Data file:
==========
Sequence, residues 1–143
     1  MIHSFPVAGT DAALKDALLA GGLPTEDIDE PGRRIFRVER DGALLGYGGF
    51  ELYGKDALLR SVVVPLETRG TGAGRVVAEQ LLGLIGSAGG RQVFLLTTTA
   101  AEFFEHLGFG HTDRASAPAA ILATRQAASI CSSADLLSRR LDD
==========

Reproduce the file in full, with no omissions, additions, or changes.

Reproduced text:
Sequence, residues 1–143
     1  MIHSFPVAGT DAALKDALLA GGLPTEDIDE PGRRIFRVER DGALLGYGGF
    51  ELYGKDALLR SVVVPLETRG TGAGRVVAEQ LLGLIGSAGG RQVFLLTTTA
   101  AEFFEHLGFG HTDRASAPAA ILATRQAASI CSSADLLSRR LDD